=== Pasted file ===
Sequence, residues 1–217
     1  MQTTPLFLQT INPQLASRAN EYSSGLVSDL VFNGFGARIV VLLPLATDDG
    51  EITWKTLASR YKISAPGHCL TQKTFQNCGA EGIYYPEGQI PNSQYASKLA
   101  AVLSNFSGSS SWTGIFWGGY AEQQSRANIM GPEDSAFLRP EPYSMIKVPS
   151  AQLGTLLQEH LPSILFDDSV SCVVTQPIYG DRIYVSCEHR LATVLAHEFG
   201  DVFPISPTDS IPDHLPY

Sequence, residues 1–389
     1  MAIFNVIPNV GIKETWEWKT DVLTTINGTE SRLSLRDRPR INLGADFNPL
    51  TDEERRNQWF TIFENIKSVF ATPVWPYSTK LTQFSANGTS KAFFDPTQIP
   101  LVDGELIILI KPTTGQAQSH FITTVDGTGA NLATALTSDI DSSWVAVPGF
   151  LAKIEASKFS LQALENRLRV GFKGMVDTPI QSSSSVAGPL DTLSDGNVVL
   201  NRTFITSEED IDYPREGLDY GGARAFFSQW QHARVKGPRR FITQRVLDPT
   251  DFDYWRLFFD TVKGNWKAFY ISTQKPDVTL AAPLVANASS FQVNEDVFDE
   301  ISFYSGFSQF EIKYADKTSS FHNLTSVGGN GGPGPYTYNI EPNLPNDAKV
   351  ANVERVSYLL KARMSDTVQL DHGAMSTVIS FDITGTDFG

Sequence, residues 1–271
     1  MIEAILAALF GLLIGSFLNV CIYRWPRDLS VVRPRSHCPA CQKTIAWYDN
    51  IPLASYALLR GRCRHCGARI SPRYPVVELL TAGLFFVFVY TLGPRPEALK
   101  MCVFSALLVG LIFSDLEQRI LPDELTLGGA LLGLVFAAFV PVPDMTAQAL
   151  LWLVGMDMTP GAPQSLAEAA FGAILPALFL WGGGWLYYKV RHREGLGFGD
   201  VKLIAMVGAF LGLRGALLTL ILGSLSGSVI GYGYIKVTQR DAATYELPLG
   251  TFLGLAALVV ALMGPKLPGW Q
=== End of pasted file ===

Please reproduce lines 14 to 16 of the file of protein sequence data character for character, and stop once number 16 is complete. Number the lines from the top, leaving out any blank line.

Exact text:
   301  ISFYSGFSQF EIKYADKTSS FHNLTSVGGN GGPGPYTYNI EPNLPNDAKV
   351  ANVERVSYLL KARMSDTVQL DHGAMSTVIS FDITGTDFG

Sequence, residues 1–271